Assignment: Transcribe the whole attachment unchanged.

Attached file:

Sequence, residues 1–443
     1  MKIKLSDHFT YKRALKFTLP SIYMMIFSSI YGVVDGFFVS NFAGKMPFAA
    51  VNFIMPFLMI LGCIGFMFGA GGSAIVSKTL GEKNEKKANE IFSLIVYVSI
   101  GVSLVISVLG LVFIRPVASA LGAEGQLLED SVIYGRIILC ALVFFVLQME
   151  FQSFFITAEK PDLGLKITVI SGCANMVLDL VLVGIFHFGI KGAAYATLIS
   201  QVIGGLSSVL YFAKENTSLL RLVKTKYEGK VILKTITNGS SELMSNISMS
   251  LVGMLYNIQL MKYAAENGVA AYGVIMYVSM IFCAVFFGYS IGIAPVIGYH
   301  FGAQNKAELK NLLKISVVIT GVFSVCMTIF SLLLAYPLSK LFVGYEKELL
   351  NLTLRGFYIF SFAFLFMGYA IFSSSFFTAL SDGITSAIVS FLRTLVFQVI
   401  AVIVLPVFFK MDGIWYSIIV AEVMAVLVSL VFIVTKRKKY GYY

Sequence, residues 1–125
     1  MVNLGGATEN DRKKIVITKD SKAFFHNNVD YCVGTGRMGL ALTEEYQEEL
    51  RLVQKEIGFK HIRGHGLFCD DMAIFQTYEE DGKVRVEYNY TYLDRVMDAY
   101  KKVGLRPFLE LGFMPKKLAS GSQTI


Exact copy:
Sequence, residues 1–443
     1  MKIKLSDHFT YKRALKFTLP SIYMMIFSSI YGVVDGFFVS NFAGKMPFAA
    51  VNFIMPFLMI LGCIGFMFGA GGSAIVSKTL GEKNEKKANE IFSLIVYVSI
   101  GVSLVISVLG LVFIRPVASA LGAEGQLLED SVIYGRIILC ALVFFVLQME
   151  FQSFFITAEK PDLGLKITVI SGCANMVLDL VLVGIFHFGI KGAAYATLIS
   201  QVIGGLSSVL YFAKENTSLL RLVKTKYEGK VILKTITNGS SELMSNISMS
   251  LVGMLYNIQL MKYAAENGVA AYGVIMYVSM IFCAVFFGYS IGIAPVIGYH
   301  FGAQNKAELK NLLKISVVIT GVFSVCMTIF SLLLAYPLSK LFVGYEKELL
   351  NLTLRGFYIF SFAFLFMGYA IFSSSFFTAL SDGITSAIVS FLRTLVFQVI
   401  AVIVLPVFFK MDGIWYSIIV AEVMAVLVSL VFIVTKRKKY GYY

Sequence, residues 1–125
     1  MVNLGGATEN DRKKIVITKD SKAFFHNNVD YCVGTGRMGL ALTEEYQEEL
    51  RLVQKEIGFK HIRGHGLFCD DMAIFQTYEE DGKVRVEYNY TYLDRVMDAY
   101  KKVGLRPFLE LGFMPKKLAS GSQTI